Welcome to "The Mellow Pad." Can you sense the jazz that inspired it? Are you feeling the rhythm, getting into the mood?
Stuart Davis would be pleased. A cheerful medley of shapes in bright pinks, blues, yellows, greens, black and white, "The Mellow Pad" is his evocation of, and homage to, the hip life spawned by the Jazz Age. He wanted this kaleidoscopic picture, which hangs in the Brooklyn Museum, to convey a feeling, rather than depict an actual, physical place.
The Mellow Pad, Courtesy of The Brooklyn Museum/Stuart Davis Estate
Equally important, Mr. Davis was intent on becoming a distinctly American modernist. He adapted Cubism's flattened perspective and Fauvism's bold, saturated colors to create a unique style. At the same time, steeped in the Ashcan school's ethic of portraying the truth of urban life, Mr. Davis expanded the definition of what constituted "life" to include consumer culture—eggbeaters, matchbooks, cigarette packs and bottles of mouthwash. To him, his paintings were not "abstract"—because they all derived from something he had seen or experienced. In this fusion of the forms of European modernism with native subjects, he created an art that was thoroughly new and American.
In his teens, Mr. Davis had started visiting bars in Newark, N.J., and Manhattan to hear jazz, and he became a lifelong fan, often hanging out with jazz musicians. He once said that jazz was one of the things that made him want to paint, admittedly along with gasoline stations, synthetic chemistry, 5 & 10 cent store kitchen utensils, fast travel, electric signs, movies and radio, Gloucester, Mass., and a half-dozen other things. But he also credited jazz specifically with influencing the development of his vibrant style.
The title "The Mellow Pad" has an obvious reference—"pad" being hipster slang for an apartment or home—but it denotes both more and less than that. Mr. Davis played down the significance of "pad" in his titles, saying it was just a word that amused him. But in jazz-talk, a "mellow pad" refers to an emotional state, a sweet spot experienced while giving a sizzling performance, say, or listening to one—and that's the feeling Mr. Davis was striving for.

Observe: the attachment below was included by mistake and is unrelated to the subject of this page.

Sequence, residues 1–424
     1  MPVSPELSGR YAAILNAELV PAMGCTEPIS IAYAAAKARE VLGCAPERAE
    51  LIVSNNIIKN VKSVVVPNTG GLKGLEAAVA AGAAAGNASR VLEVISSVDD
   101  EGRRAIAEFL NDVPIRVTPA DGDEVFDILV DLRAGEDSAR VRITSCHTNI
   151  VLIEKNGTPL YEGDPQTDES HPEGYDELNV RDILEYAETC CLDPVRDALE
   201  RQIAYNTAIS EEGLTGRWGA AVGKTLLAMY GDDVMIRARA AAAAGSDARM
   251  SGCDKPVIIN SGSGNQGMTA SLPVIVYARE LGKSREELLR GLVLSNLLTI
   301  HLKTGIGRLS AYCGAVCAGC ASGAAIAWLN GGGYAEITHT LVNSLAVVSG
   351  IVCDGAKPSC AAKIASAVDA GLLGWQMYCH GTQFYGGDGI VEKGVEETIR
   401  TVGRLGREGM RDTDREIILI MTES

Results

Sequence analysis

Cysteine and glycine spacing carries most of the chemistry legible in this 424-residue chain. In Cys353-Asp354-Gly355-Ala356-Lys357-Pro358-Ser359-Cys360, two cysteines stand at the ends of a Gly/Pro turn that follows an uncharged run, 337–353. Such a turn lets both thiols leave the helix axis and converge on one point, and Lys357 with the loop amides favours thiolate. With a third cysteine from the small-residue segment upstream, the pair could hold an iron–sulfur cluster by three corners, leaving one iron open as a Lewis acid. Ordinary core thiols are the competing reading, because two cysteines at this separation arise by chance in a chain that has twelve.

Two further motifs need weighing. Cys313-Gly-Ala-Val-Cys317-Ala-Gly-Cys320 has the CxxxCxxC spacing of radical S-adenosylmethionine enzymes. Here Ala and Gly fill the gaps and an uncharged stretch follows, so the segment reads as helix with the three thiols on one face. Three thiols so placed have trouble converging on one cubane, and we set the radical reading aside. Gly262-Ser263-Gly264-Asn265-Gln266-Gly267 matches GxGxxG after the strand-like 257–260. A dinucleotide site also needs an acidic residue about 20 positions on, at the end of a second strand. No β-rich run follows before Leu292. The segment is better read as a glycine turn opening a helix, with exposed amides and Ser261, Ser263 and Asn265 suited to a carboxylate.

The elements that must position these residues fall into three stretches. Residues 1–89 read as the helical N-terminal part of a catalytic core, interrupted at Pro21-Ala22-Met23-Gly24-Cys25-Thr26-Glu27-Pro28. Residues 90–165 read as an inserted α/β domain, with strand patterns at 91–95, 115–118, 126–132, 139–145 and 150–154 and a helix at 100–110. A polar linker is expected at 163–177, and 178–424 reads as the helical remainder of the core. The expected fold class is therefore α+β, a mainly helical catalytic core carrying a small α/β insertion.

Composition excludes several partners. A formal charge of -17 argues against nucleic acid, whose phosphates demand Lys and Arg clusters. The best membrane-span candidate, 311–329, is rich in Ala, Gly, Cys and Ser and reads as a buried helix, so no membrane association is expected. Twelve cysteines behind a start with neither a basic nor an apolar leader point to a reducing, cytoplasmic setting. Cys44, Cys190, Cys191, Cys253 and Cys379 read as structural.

Mr. Davis began painting "The Mellow Pad" in 1945, but its origins lie in an earlier work, "House and Street" (1931), now in the collection of the Whitney Museum of American Art. The left half of "House and Street" shows the facade of a building in downtown Manhattan painted in brilliant orange and red, and bisected vertically by two fire escapes. On the right half, he juxtaposed a brightly hued street scene, with a factory chimney and skyscrapers. The two halves are separated from each other by a central divide and framed by a primarily black surround. In this painting, Mr. Davis reduced all the forms to flat, intensely colored geometric shapes. And as he often did, he incorporated words—"Front," which refers either to the name of the street or the side of the building we're looking at, and "Smith," which may allude to 1928 presidential candidate Al Smith. Strikingly, he angled the perspective of the "Street" side of the painting, effectively putting the viewer in two places at once.
House and Street, Courtesy of The Whitney Museum/Stuart Davis Estate
He showed the first version of "The Mellow Pad" two or three times in 1945. By 1947, he was back at work on it, making numerous sketches and trying out new ideas in four smaller riffs on "House and Street." One of these, "Pad No. 4," also in the Brooklyn Museum, shows Mr. Davis developing the vocabulary of shapes he used in "Mellow Pad," according to Teresa Carbone, the museum's curator of American art. But, she adds, it is not a preparatory sketch for it.
Mr. Davis believed in "well-built" pictures and, while it's not obvious, "The Mellow Pad" has a structure. Like "House and Street," it is bifurcated by a central divide and framed by a painted surround. It also repeats several iconographic elements from "House," among them the brick building front on the lower left (now in green and yellow, instead of red), the orange house facade and the right-hand side's black smokestack.
From there, Mr. Davis took off, filling the canvas with a mixture of dots, arcs, curves, crosses, squiggles and other shapes, only a few of which have any relation to real objects. Always a brilliant colorist, he chose a cool palette for his mellow pad, but also an unruly one—an abundance of intense shades. Between the colors and the shapes, the picture almost vibrates. Indeed, Mr. Davis here manages to create a pictorial equivalent of syncopation through the irregular visual rhythms created by his loosely ordered arrangement of forms and colors.
Mr. Davis reveled in the results. In an entry on his calendar dated March 3, 1951, he wrote that in redoing the upper left-hand corner, which he called "Hell's Corners," he had experienced "probably the most powerful objective Art realization of my life." He felt he had achieved his goal of painting a picture that conveys the experiencing of being in a jazzy space, without portraying it representationally.
Witty and high-spirited, "The Mellow Pad" invites viewers to linger in another world, to feel the painting's pulse, and enjoy it.